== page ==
As soon as the campaign for the 2020 presidential election started, which is pretty much as soon as the 2016 campaign ended, Trump supporters have been assuring us that Trump would be re-elected.
In their minds, Trump losing was not even a consideration. It was totally out of the question. All those Democrats vying to run against him were only laughable fools competing for the honor of being trounced by him.
Even after Joe Biden easily won the Democratic nomination and was far ahead of Trump in the polls, Trump supporters kept dismissing Biden out of hand. Trump himself encouraged them by calling Biden “sleepy Joe” and the “the worst candidate in the history of presidential politics”.
Trump, on the other hand, referred to himself in many glowing terms, including a “very stable genius”, and his supporters lapped it up.
But despite his clownishness, or maybe because of it, Trump was a formidable candidate. He defeated several very credible contenders to the Republican nominations in 2016. He then defeated Hillary Clinton who was seen at one point as a sure win. And he defeated all conventional wisdom by behaving in atrocious ways again and again while getting away with it. If a normal candidate had been caught uttering only one of the lies or making only one of the offensive comments that Trump made during the 2016 campaign, that candidate would have been out on their ears, but not Trump. He appeared invincible.
So how did “sleepy Joe”, the “the worst candidate in the history of presidential politics”, and someone that many even within his party dismissed as a has-been, defeat the “very stable genius”? His supporters could not see that ever happening, and many Democrats also had their doubts, but they did not account for three factors: Covid-19, the re-awakening of the Black civil rights movement, and Trump’s atrocious response to both.
Covid-19 took everyone by surprise, and various governments responded in different ways. Trump’s approach was to handle that crisis the same way that he handles every crisis, by lying. The Atlantic documented his many lies up to the afternoon of November 2, 2020, the day before election day, and there are too many to count.
Trump’s response to protesters demanding an end to discrimination against Black people was similarly dismissive and similarly based on lies, such as his often-repeated lie that the protesters were all “thugs” and “anarchists”. And when violence was perpetrated against protesters, Trump refused to condemn it.
Trump’s supporters, who believe his lies without ever questioning them, were sure even on election day, that he would win. But enough voters stopped believing him, and enough voters believed Joe Biden when he promised them “hope over fear, facts over fiction, fairness over privilege”. Even weeks after election day, when election results showed Biden winning, replacing months of polls that predicted that he would win, Trump supporters were still sure that Trump won, because he told them that he did.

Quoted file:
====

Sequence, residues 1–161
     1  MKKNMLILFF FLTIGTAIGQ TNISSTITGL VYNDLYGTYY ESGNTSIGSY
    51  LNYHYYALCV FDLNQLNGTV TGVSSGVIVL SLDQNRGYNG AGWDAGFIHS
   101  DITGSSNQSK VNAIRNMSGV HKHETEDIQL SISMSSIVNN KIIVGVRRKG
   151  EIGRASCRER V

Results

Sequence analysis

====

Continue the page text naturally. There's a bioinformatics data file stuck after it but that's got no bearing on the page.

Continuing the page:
On January 20, 2021, when Joe Biden is inaugurated president, Trump’s supporters will still be claiming that Trump won because he will still be lying to them. They are too invested in his endless lies to see Trump for what he is, a con man whose only priority is himself. Maybe one day some of them will.
But in the end, the Trump supporters’ cult-like mentality didn’t stop Biden, and he won. He won because he offered a reassuring, caring, and competent image that clashed dramatically with the incompetence, callousness, and alarming spectacle of the Trump presidency. He won because he took Covid-19 seriously, and he won because he took Black lives seriously. Joe Biden and Kamala Harris (that he wisely selected as his running mate) won largely thanks to Black Americans, the Americans who suffered the most from Covid-19 and the Americans whose civil rights Trump dismissed.
Biden won because he not only wasn’t the “the worst candidate in the history of presidential politics”, but because he was exactly what America needed right now. While Trump kicks and screams whenever he doesn’t get his way, Biden examines issues calmly and responds with knowledge and precision. His decades of experience and his profound decency paid off.
The good guys don’t always win in politics. They certainly didn’t win in the U.S. presidential election of 2016. But if there was ever an acute need for the good guys to win, it was 2020, and Joe Biden delivered. Whatever happens during his presidency, Biden will be remembered as the one who defeated Trump, the president who lied and lied and lied and kept getting away with it, until he didn’t.